PHILADELPHIA (AP) — Thousands of flights were canceled, students got an extra day off from school or were being sent home early, and the federal government closed its offices in the Washington area Tuesday as another winter storm bore down on the Mid-Atlantic and Northeast.
The National Weather Service said the storm could bring 10 to 14 inches of snow to Philadelphia and southern New England and up to a foot in New York City, to be followed by bitter cold. An arctic air mass will plunge the eastern half of the United States into a deep freeze, with wind chills as low as 40 degrees below zero, the weather service said.
It warned of heavy winds and hazardous driving conditions as the storm moved up the East Coast.
With federal workers told to stay home on Tuesday, Tom Ripley, who works at a Washington hardware store, said his morning commute was cut in half because "there was almost no one on the road."
He said the store was jammed Monday as customers stocked up on ice melt and shovels.
"Nobody prepares because we never get any snow, so the slightest chance of it, everybody freaks out," Ripley said.
Nearly 2,200 flights were canceled and thousands more delayed Tuesday, with airports from Washington to Boston affected, according to flight-tracking site Flightaware.com. An additional 450 flights for Wednesday were already canceled.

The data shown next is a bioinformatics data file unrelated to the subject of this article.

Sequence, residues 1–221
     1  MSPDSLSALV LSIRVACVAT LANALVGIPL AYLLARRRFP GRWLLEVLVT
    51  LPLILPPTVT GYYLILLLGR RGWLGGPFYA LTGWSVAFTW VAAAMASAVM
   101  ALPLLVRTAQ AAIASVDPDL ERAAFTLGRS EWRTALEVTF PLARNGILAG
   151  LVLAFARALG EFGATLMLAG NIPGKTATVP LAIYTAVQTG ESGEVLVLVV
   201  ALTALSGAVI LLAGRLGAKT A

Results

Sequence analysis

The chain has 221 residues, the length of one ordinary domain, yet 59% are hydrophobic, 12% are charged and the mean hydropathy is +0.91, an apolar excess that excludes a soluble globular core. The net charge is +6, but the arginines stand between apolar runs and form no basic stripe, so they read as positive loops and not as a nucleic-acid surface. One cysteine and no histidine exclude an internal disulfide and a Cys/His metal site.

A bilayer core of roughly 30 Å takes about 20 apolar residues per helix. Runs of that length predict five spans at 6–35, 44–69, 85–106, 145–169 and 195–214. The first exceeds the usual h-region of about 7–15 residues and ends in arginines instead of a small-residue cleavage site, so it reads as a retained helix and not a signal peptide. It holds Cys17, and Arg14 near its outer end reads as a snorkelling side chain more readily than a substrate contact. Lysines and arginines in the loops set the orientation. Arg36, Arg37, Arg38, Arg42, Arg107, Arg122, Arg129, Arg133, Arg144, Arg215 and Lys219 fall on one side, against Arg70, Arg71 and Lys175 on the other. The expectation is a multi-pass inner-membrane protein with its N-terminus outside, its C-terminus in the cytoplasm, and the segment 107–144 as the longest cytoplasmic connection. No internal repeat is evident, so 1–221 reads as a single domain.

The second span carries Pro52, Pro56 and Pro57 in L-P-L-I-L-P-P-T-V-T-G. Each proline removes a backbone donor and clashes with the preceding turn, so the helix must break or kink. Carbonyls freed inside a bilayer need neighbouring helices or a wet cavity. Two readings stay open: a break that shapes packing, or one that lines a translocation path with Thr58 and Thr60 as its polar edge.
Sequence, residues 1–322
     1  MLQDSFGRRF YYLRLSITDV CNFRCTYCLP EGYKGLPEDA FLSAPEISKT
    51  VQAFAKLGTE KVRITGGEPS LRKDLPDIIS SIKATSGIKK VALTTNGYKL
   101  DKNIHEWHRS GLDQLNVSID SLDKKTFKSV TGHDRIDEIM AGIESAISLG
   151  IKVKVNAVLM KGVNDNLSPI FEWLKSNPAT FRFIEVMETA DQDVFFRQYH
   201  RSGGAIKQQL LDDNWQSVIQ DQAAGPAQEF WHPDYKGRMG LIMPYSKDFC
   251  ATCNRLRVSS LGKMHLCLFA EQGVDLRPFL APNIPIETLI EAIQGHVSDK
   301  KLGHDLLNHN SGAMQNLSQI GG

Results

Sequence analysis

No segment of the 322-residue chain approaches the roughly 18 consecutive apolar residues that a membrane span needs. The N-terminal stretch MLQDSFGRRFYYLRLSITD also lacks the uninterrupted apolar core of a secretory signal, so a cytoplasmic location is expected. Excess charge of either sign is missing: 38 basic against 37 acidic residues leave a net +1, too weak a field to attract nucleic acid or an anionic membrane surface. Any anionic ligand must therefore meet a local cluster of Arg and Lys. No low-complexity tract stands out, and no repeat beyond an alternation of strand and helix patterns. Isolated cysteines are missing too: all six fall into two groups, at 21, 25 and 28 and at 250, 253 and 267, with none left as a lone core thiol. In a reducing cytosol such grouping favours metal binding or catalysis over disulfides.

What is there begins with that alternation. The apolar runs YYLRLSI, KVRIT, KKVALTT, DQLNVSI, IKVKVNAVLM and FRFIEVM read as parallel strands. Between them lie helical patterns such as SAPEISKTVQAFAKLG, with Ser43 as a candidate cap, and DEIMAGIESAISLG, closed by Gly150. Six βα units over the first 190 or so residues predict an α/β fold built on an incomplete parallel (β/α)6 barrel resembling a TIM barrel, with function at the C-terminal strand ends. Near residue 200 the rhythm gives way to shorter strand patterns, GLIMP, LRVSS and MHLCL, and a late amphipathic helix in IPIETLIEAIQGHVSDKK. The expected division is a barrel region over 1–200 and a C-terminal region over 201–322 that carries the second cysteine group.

Schools in Pennsylvania, New Jersey, Connecticut, Virginia, West Virginia and Kentucky stayed closed for an extra day after the Martin Luther King Jr. Day holiday, or planned to send students home early. Some parents kept their kids home even if their schools were open, unwilling to put them on slippery roads.
New Jersey Gov. Chris Christie was forced to modify his schedule of inaugural events — canceling an evening party on Ellis Island — because there was fear snow would make travel dangerous. Both chambers of Delaware's General Assembly canceled sessions as the storm approached.
The Pennsylvania Department of Transportation reduced speeds on interstates and other major roads, and said it had already blown through more than half of its $189 million winter weather budget.
"Lots of nuisance storms this season have meant that PennDOT crews have been plowing and treating roads more frequently this winter," agency spokeswoman Erin Waters-Trasatt said.
Rubinkam reported from northeastern Pennsylvania. Associated Press writer Jessica Gresko in Washington contributed to this report.
- Natural Phenomena
- National Weather Service